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Genetics and evidence for an esterase-associated mechanism of resistance to indoxacarb in a field population of diamondback moth (Lepidoptera: Plutellidae).

Research paper by Ali H AH Sayyed, Denis J DJ Wright

Indexed on: 04 Aug '06Published on: 04 Aug '06Published in: Pest Management Science



Abstract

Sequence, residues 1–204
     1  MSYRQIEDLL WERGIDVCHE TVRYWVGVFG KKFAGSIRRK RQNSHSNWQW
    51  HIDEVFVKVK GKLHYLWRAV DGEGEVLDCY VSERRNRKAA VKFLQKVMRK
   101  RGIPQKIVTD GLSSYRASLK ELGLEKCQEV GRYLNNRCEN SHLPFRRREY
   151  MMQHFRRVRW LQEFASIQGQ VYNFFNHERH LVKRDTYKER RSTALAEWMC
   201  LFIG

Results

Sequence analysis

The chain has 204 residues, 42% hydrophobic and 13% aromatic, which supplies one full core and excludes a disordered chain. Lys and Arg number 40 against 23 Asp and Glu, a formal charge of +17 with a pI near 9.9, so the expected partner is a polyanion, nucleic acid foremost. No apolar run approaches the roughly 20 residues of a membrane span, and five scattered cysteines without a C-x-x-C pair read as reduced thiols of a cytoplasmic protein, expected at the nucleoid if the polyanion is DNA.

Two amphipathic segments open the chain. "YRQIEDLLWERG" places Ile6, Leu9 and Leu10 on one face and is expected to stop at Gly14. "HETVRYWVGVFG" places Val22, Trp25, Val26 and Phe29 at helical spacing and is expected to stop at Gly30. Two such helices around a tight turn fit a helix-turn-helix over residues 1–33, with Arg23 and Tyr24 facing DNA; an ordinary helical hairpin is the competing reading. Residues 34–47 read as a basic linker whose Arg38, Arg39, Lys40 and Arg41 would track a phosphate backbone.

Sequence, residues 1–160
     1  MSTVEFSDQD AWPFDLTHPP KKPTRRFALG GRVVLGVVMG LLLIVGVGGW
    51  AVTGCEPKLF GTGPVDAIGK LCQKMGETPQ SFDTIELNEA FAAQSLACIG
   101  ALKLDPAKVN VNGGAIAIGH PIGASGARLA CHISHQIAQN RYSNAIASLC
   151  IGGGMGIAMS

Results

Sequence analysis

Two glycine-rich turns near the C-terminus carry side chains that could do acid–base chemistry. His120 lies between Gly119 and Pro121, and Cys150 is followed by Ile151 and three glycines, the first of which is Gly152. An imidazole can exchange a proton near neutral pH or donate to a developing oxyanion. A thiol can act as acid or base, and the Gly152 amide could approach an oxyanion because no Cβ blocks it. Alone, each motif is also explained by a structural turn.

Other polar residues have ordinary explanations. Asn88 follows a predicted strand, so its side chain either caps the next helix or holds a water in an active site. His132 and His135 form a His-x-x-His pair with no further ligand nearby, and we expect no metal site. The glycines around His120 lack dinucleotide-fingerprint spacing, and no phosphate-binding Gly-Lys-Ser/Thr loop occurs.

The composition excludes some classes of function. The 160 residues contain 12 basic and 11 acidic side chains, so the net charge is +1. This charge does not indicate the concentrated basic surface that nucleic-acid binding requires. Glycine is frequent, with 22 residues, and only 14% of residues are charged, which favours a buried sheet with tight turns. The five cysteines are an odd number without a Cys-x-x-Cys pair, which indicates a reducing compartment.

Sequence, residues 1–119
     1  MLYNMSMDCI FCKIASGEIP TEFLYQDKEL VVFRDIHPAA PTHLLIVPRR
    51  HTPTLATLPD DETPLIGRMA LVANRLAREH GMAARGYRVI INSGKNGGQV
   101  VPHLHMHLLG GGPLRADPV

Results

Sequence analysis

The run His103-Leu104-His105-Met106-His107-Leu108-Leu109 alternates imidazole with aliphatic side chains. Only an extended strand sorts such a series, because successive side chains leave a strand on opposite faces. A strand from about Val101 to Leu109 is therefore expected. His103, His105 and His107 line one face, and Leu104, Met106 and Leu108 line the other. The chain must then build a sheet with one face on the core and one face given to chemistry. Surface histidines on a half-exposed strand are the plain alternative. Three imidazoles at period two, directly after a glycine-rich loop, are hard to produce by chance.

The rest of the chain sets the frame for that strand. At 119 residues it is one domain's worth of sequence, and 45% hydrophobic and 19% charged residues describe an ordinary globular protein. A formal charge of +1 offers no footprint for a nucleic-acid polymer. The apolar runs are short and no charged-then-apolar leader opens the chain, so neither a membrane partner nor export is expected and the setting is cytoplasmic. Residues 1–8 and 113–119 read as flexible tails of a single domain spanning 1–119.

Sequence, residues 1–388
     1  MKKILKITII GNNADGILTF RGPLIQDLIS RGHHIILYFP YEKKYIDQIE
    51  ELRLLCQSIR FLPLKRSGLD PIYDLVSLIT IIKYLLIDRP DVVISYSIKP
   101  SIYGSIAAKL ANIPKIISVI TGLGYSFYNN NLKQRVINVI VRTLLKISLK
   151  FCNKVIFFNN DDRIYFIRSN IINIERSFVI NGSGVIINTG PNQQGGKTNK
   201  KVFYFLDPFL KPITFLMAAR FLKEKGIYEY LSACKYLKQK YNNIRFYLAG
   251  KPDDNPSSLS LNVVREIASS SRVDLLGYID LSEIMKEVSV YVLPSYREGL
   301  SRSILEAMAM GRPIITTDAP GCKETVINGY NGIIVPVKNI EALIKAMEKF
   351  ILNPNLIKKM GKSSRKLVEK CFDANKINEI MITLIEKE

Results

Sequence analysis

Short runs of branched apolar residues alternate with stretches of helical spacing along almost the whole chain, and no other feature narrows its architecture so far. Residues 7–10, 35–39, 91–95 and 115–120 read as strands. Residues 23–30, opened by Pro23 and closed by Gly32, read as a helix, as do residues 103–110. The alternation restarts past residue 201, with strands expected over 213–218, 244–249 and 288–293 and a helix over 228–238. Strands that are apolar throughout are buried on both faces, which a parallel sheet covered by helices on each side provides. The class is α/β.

Bioassays (at generation G2) with a newly collected field population (designated CH3) of Plutella xylostella L. from farmers' fields in the Cameron Highlands, Malaysia, indicated resistance ratios of 813-, 79-, 171-, 498- and 1285-fold for indoxacarb, fipronil, spinosad, deltamethrin and Bacillus thuringiensis toxin Cry1Ac respectively compared with a laboratory susceptible population (Lab-UK). At G2 the field-derived population was divided into two subpopulations: one was selected (G2 to G7) with indoxacarb (indoxa-SEL), while the second was left unselected (UNSEL). A significant reduction in the resistance ratio for each compound was observed in UNSEL at G8. For indoxa-SEL, bioassays at G8 found that selection with indoxacarb gave a resistance ratio of 2594 compared with Lab-UK and of 90 compared with UNSEL. The toxicity of fipronil, spinosad and deltamethrin was not significantly different in indoxa-SEL at G8 compared with G2 but was significantly greater than UNSEL at G8. The toxicity of Cry1Ac was significantly reduced in indoxa-SEL at G8 compared with G2 but was also significantly greater than UNSEL at G8. This suggests that indoxacarb selection maintained resistance to these compounds in the indoxa-SEL population. Synergist studies indicated that resistance to indoxacarb in indoxa-SEL was esterase associated. Logit regression analysis of F1 reciprocal crosses between indoxa-SEL and Lab-UK indicated that resistance to indoxacarb was inherited as an autosomal, incompletely recessive (D(LC) = 0.35) trait. Tests of monogenic inheritance suggested that resistance to indoxacarb was controlled by a single locus.